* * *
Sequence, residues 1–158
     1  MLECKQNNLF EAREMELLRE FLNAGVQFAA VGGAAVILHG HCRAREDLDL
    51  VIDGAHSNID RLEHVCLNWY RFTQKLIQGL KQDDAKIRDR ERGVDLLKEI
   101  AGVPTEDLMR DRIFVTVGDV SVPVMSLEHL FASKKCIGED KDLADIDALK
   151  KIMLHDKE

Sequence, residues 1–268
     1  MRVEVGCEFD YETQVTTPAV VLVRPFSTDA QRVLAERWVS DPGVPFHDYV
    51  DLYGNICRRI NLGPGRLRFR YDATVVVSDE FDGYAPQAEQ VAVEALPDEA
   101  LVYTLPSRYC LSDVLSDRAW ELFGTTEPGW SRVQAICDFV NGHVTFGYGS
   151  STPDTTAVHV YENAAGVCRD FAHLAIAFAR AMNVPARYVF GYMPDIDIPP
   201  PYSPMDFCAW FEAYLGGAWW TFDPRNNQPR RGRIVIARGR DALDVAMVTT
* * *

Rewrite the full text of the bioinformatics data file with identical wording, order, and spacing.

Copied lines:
Sequence, residues 1–158
     1  MLECKQNNLF EAREMELLRE FLNAGVQFAA VGGAAVILHG HCRAREDLDL
    51  VIDGAHSNID RLEHVCLNWY RFTQKLIQGL KQDDAKIRDR ERGVDLLKEI
   101  AGVPTEDLMR DRIFVTVGDV SVPVMSLEHL FASKKCIGED KDLADIDALK
   151  KIMLHDKE

Sequence, residues 1–268
     1  MRVEVGCEFD YETQVTTPAV VLVRPFSTDA QRVLAERWVS DPGVPFHDYV
    51  DLYGNICRRI NLGPGRLRFR YDATVVVSDE FDGYAPQAEQ VAVEALPDEA
   101  LVYTLPSRYC LSDVLSDRAW ELFGTTEPGW SRVQAICDFV NGHVTFGYGS
   151  STPDTTAVHV YENAAGVCRD FAHLAIAFAR AMNVPARYVF GYMPDIDIPP
   201  PYSPMDFCAW FEAYLGGAWW TFDPRNNQPR RGRIVIARGR DALDVAMVTT